Leaving Hudson

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Status: Finished  |  Genre: Literary Fiction  |  House: Booksie Classic
The day for moving on and 'Leaving Hudson' behind, had arrived. A warm and nostalgic fictionalized memory. Enjoy!

Submitted: July 28, 2008

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Submitted: July 28, 2008

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A A A


Leaving Hudson
By Gerard Lebel
 
 
 
As I recall, my faded, army green duffel bag was so jam-packed, I had a hard time squeezing in my toothbrush and comb. I had been in this little town of Hudson for far too long and it was high time I was moving on to someplace new. I needed a new place to live and some new friends with new rules, where I could come and go as I pleased with nothing to hold me back and no one to tell me what to do. That day for moving on and leaving Hudson behind, had arrived.
 
The duffel-bag proved much too heavy for me to carry over my shoulder for any great distance and since I didn’t know how far I would be walking as I didn’t know yet exactly where I was going, I decided to ramshackle the garage to find my old, Radio Flyer, red wagon; the same magical one that had given me so many rides up and down Arlington Street as a young boy. And as I got a little bit older, I had often filled my red wagon with old comic books, traveling the neighborhood, selling and swapping them like my dad, the door-to-door salesman. And now that I was just about all grown up and would be turning ten the following Saturday, it was time for me to leave Hudson for good! No parents to tell me what to do and not do and no big brother bullying me or getting me into trouble anymore.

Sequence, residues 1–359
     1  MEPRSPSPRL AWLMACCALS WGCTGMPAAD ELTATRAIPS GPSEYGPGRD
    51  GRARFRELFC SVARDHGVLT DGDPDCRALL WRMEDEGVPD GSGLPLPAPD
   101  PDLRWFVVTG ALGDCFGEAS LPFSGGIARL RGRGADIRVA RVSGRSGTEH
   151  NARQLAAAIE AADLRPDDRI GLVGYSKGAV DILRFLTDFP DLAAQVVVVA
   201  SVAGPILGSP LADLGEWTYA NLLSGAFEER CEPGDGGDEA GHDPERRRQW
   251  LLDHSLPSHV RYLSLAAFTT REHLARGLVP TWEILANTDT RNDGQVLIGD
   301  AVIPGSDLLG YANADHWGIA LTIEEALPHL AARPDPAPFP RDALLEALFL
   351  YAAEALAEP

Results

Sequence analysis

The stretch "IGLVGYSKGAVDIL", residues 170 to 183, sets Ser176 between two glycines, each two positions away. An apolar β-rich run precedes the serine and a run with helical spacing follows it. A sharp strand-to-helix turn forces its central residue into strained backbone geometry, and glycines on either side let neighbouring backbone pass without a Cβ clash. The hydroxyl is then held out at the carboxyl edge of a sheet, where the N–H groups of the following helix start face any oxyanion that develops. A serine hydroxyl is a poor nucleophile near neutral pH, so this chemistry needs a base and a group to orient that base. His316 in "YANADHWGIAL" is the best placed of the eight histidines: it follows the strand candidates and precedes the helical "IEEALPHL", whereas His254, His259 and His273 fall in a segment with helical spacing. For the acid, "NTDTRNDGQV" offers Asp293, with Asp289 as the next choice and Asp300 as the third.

In the far right corner of the garage, emerging beneath a big bamboo rake, some various, old garden tools and a broken white, rose trellis was a patch of distressed red. Yes, it was my Radio Flyer wagon and it was still in one piece! Excitedly, I pulled it out into the driveway and checked out the wheels to find they were not rusted at all and in general, the wagon was impeccably intact. I lifted the duffel bag into the wagon where it fit perfectly. I remember grabbing the long, black handle and walking nervously to the edge of the driveway. Whew… this was the biggest moment of my life so far. My heart was thumping and pounding against my chest as I began my journey from Hudson to God knows where, pulling my Radio Flyer onto the sidewalk and down the street.
 
“Hey, now where do you think you’re going, young man?” announced the ear-splitting voice from the front porch.
 
OH NO!… No.. No… you couldn’t miss mother’s voice anywhere. I was as quiet as a church mouse getting up and dressed. I practically held my breath the whole time I was in the garage so as not to make any noise. How did she find me sneaking off? How did mother always know everything before anybody else? Was there some sort of law that my mother must know everything?
 
“Hey, young man. I’m speaking to you!. Answer me, Evan,” mother yelled in her frightening tone as I turned around to face her and the music.
 
“I know, I heard you, mom” I sputtered, hanging my head in defeat tearfully, realizing she had caught me, so it didn‘t matter what I said now. “I’m running away and leaving Hudson. I hate it here. I hate school and I hate my life!”